We need an army of intercessors, not just for our families, but for all of the people we encounter. It’s a tremendous work, the work of intercession, and we can do it no matter what our circumstances are. If you are suffering, you can offer your suffering. Wherever we are, we can make our lives bear fruit, for ourselves and those around us.

If my experience on the plane is any indicator, people need help, and they don’t know where to go. If God would use me, why wouldn’t He use you? If we are Christians with open hearts, God will send people to us. Say to the Lord every day,

“Use me. However you want, use me.”

Pray for anyone you may encounter each day. Ask the Lord to give you what you need. And He will.


Put it in Practice…

Peter Williamson, who teaches at Sacred Heart Major Seminary with Ralph and Dr. Mary Healy, wrote the following prayer in response to Sr. Ann’s talk on intercession. We hope it is a blessing to you!

Lord, help us to sink our roots deep into you. Help us to pray at all times in the Holy Spirit. Help us to slow down and listen to you. And help us to pray with great faith, according to your will and purpose.

In particular, Lord, we pray for miracles. We pray that you reveal your power to the sick among us, to those among our family and friends who have wandered from you and need conversion. Do whatever it takes to turn them back to you and the path of life!

Reveal yourself also to our neighbors and co-workers and those in the city and country where we live, and for the whole world. Your love extends to all; save those most in need of your mercy! Let us Christians be radiant with your light and love. Work signs and wonders that will show those around us who you really are!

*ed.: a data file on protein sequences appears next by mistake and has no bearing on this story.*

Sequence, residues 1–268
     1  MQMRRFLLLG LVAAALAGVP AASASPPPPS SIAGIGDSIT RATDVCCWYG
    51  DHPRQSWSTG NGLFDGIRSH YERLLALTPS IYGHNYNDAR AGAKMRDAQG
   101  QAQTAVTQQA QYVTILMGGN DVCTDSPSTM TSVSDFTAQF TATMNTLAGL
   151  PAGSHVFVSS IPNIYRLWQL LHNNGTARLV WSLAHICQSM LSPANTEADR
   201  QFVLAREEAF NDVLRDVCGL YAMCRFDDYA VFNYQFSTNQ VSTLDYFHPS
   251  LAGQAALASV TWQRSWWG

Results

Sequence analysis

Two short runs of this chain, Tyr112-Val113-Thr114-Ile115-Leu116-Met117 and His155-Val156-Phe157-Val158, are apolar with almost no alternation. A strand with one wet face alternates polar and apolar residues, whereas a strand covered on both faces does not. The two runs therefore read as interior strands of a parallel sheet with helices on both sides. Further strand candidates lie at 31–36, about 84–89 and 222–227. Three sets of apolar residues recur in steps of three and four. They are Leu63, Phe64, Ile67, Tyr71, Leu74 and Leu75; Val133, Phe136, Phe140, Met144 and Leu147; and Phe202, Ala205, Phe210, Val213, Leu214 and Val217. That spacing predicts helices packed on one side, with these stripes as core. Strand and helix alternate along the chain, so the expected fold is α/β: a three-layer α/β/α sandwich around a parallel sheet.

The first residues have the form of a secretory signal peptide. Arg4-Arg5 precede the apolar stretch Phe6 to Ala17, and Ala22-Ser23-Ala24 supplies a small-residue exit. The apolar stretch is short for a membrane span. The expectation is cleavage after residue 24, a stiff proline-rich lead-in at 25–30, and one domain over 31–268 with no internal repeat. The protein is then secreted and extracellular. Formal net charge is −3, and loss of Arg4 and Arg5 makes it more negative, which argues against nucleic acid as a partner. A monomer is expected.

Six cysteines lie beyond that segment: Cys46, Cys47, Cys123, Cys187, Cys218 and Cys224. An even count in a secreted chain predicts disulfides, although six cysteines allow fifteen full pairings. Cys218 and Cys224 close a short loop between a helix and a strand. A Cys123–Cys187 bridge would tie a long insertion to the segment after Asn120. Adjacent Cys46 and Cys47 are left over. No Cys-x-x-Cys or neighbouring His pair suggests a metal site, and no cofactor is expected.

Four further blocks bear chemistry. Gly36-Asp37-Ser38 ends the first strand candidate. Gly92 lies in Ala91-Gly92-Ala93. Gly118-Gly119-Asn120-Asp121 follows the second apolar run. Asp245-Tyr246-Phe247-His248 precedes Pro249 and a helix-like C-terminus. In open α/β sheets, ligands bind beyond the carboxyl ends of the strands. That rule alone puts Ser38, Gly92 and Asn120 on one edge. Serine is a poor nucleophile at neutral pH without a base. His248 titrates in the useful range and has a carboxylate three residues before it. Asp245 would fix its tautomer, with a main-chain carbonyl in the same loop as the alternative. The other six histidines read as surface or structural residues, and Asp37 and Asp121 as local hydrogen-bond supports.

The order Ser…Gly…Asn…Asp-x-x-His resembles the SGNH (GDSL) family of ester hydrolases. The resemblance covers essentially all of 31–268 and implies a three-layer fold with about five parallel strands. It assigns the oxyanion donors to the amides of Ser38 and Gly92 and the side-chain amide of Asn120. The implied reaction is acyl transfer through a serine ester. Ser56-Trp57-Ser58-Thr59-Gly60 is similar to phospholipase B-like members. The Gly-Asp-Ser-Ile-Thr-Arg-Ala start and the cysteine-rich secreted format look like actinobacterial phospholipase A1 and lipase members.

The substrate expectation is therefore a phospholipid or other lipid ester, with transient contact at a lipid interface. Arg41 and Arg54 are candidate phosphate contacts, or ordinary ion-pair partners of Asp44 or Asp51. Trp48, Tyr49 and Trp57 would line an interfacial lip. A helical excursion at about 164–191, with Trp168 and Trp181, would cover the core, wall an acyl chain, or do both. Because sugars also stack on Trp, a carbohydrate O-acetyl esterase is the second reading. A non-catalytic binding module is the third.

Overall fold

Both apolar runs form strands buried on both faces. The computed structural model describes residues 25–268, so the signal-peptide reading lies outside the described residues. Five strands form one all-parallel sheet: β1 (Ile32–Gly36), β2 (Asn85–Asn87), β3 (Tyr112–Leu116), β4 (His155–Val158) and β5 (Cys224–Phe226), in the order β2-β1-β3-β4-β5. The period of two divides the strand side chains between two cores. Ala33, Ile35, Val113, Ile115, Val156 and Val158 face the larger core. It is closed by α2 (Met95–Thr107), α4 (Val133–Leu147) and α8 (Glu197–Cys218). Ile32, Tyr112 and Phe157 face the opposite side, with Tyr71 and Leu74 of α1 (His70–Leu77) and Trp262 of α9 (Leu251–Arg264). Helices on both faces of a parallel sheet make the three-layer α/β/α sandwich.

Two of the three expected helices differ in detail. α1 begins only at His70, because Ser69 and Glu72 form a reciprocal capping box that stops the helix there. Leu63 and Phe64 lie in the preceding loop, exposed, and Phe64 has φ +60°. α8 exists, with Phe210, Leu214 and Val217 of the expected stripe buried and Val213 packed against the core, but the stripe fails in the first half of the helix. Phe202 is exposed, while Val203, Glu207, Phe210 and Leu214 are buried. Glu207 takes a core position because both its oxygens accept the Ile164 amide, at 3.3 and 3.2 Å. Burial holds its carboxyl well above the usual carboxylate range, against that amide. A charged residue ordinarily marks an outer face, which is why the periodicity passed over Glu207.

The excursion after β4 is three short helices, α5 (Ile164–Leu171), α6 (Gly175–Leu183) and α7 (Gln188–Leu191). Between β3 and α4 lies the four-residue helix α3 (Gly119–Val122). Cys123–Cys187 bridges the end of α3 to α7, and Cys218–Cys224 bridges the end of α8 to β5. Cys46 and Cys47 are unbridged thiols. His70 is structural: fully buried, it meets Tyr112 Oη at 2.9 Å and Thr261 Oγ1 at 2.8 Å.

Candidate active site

Thank you, Lord, for hearing our prayer!


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A Conspiracy of Silence on Heaven

…my father complained to me some years ago that no one talked about heaven. I see a couple of reasons for that phenomenon. First, no one wants to be definitive about anything these days. No one wants to take a stand, even though Scripture and the long tradition of Church teaching on this issue are very clear. Society’s “all things are relative” approach has affected theologians, preachers, and teachers of the Gospel. Many are afraid to declare anything absolutely for fear of being marginalized in their careers. Pride affects all of us, but those most responsible for preaching and teaching are attacked in a particular way. As a result, many are unable to bring solid food to an often frightened and discouraged people. What a truncated Gospel remains!

In the face of external confusion and internal pride, those called to preach are often silent on what matters most.

This difficulty is very serious. In an interview in The Rock in September of 1996, Scott Hahn commented:

“In American Catholic scholarly circles, if you choose to say things that are politically incorrect, your career is ruined. You’re blacklisted, you’re not promoted and you’ll actually find it much harder to publish.”

Karl Keating echoed similar concerns when he said in the same interview:

“Scholars are marginalized. Their books don’t get reviewed, they don’t get promoted and the centers of scholarship invite on to their staffs only those people who already agree with majority opinion.”